Stack Of Coins On Wooden Seesaw Over Gray Background

Tweaks are not going to hack it

blog | Words Matthew Horne | 06 Jun 2024

A call for bold, long term reform of public services, financed by bold, long term reform of our taxes

Our public services are stretched to the limit and millions of families are just about coping with the cost of living crisis as inflation falls but prices continue to rise. The time for tinkering and tweaking is over.

The government’s pre-election budget, as well as early signs from Election campaigns, do not acknowledge – or address – the scale of the challenges we face. In this General Election we need to see bold long term investment and reform in our public services – that will require bold long term reform of our tax system, which we set out below. Only then we will see increases in economic productivity, reductions in poverty and inequality, and much needed improvements in our public services.

The problem

Despite the recent rises in the cost of living, our tax and benefit system imposes high marginal tax rates on some groups, and much lower tax rates on others. Particularly badly affected are people on universal credit, single parents receiving child benefit, parents receiving subsidised child care, and believe it or not all working age adults and all employees. 

Meanwhile, those that benefit most from our tax system are the self-employed, landlords, landowners, shareholders and people with income from capital gains. Our tax system is in desperate need of long term reform.

The current government plans to increase spending on public services by 1% in real terms. Given what they have promised to spend on the NHS and Defence this means that all other government departments will see their budgets cut – particularly worrying for local government, already facing bankruptcy in many places.

With chronic underinvestment in workforce, infrastructure and reform, we now face a perma-crisis in our public services from the NHS and social care, to public transport and prisons. Tweaks to our systems of taxation and public services just don’t add up.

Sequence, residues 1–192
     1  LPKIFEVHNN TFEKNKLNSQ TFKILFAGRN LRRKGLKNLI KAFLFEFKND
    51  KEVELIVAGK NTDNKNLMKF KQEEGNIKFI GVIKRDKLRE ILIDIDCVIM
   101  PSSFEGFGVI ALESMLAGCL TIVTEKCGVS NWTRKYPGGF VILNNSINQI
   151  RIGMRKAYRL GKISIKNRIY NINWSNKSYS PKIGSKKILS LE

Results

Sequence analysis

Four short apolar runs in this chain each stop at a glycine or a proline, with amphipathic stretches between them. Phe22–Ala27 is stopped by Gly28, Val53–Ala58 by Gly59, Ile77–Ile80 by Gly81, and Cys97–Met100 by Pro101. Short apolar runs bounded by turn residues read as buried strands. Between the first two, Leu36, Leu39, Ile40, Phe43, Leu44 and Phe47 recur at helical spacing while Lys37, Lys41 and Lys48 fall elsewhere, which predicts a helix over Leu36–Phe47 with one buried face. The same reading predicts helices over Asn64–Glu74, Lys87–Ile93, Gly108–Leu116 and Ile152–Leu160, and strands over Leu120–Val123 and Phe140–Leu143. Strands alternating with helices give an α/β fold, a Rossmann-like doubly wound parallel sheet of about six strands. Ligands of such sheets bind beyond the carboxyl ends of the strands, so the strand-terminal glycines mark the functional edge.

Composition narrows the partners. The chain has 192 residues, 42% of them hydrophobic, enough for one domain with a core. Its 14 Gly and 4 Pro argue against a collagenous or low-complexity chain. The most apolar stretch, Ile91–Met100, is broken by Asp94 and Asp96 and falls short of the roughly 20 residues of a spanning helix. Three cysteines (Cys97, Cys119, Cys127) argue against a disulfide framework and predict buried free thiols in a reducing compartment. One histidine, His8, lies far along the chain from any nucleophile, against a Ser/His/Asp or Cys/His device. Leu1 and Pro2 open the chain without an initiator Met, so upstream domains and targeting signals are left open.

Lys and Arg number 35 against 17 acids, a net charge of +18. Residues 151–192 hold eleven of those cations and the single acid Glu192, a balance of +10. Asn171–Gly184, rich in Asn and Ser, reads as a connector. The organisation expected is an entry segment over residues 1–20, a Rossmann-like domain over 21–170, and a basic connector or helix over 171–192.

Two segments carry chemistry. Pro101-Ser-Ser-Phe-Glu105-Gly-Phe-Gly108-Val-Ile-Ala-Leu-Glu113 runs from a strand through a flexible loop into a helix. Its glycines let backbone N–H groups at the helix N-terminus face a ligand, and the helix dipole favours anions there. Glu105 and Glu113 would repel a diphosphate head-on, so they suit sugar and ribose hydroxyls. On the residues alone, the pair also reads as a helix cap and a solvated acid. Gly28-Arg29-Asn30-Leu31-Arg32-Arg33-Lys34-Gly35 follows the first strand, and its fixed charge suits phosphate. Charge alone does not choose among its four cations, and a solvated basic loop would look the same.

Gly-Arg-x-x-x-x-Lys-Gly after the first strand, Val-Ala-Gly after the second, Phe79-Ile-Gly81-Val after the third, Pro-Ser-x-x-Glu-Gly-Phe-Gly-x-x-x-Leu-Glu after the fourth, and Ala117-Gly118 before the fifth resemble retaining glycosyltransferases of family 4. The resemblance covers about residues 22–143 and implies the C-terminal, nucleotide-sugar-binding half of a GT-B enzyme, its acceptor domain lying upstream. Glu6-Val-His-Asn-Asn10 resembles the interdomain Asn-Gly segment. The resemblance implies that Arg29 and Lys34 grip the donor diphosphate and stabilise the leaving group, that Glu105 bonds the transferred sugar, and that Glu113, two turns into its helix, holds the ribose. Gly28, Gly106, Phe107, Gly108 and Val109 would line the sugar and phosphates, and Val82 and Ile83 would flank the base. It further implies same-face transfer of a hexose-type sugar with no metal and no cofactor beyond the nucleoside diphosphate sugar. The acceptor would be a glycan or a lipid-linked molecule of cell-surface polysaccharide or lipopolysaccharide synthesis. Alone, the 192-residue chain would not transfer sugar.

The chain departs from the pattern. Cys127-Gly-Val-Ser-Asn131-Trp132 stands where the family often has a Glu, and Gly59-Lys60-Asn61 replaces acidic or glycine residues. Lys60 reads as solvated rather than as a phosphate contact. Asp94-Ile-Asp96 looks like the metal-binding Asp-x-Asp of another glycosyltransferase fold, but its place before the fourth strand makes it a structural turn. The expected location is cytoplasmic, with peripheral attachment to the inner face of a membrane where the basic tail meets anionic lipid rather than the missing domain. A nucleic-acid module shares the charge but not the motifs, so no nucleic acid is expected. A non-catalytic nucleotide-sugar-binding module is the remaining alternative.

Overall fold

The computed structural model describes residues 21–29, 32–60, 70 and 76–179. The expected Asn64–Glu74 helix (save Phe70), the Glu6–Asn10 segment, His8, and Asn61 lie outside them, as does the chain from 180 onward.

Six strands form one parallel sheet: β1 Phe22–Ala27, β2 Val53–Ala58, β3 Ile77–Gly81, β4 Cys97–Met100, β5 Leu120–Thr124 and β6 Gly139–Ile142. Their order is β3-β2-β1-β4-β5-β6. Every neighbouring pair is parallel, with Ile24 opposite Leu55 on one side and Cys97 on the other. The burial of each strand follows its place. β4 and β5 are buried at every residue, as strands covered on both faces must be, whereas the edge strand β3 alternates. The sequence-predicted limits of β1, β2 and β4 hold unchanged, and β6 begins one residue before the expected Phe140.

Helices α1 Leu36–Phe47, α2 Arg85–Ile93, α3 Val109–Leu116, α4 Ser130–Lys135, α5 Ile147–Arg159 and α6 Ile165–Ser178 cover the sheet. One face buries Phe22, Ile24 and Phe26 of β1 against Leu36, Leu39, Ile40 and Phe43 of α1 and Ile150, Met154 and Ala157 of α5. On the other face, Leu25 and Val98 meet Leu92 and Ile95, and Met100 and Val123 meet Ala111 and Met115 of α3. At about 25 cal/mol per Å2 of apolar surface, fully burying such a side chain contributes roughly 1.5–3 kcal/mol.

Towards a solution

Our public services desperately need renewal and innovation to help people stay well, stay out of prison and learn skills for the future – to flourish, and contribute to a growing, green economy. And that is only possible with proper long term investment generated by a reformed tax system that is fairer, that stimulates more economic activity and generates more investment in our public services. 

Innovations in taxation

Tax innovation can stimulate the economy, increase investment, and increase revenue for public services, yet we haven’t had any really major innovation in UK taxation since the invention of VAT in 1973. 

So what innovations in taxation could an incoming government consider?

  • Make taxes fairer by aligning tax rates, so that business owners, the self-employed and wealthy people disposing of assets all pay similar marginal rates of tax to the 28.9m employees in this country. End the situation where we have high tax rates on employees, lower taxes on the self-employed, lower taxes still on income from shares, and even lower taxes on income from capital gains.
  • Make taxes simpler by abolishing inheritance tax, and instead treating high value gifts and inheritance as taxable income for beneficiaries.
  • Make taxes incentivise productivity by taxing land and landowners rather than properties and tenants. Abolish stamp duty and council tax and replace them with a form of land value tax designed to encourage development of high value land in urban areas for much needed housing, and encourage take up of agricultural subsidies that benefit the environment as a form of tax credit. 
  • Make taxes greener by introducing a carbon tax applied through the full supply chain, reflecting the carbon concentration of products and services, backed up by a carbon tax at the border that prevents us from outsourcing our carbon emissions. Our current green taxes, such as fuel duty and Air Passenger Duty, are piecemeal and inadequate to ensure the transition to a net zero economy. 

All of these innovations in taxation have the potential to be fairer and generate more revenue to invest in our public services and in our economy, through increased taxation on unearned income, ownership of land and businesses, and carbon consumption. 

Innovation in the tax system is not an end in itself but a means to addressing our very large and very real problems as a society. The prize is significant. We have 20 years experience of driving innovation in health, social care, education, local government and the justice system. We have learned a lot, and we have written elsewhere about the lessons of the last 20 years and our seven principles to innovation and reform for public services.

Our vision for public service reform

Together, these bold reforms in taxation and public services are fundamental shifts to our social contract. Tweaks are not enough. 

We need to be in the zone of bold long term reform and investment where innovation in our tax system and in our public services go hand in hand. We will read the election manifestos carefully, looking for signs that any party has grasped just how grave the current situation is;  just how difficult it is going to be to turn things around;  just how honest they need to be with the public about how much it is going to cost to provide the investment and reform; and just how bold and brave our politicians will have to be.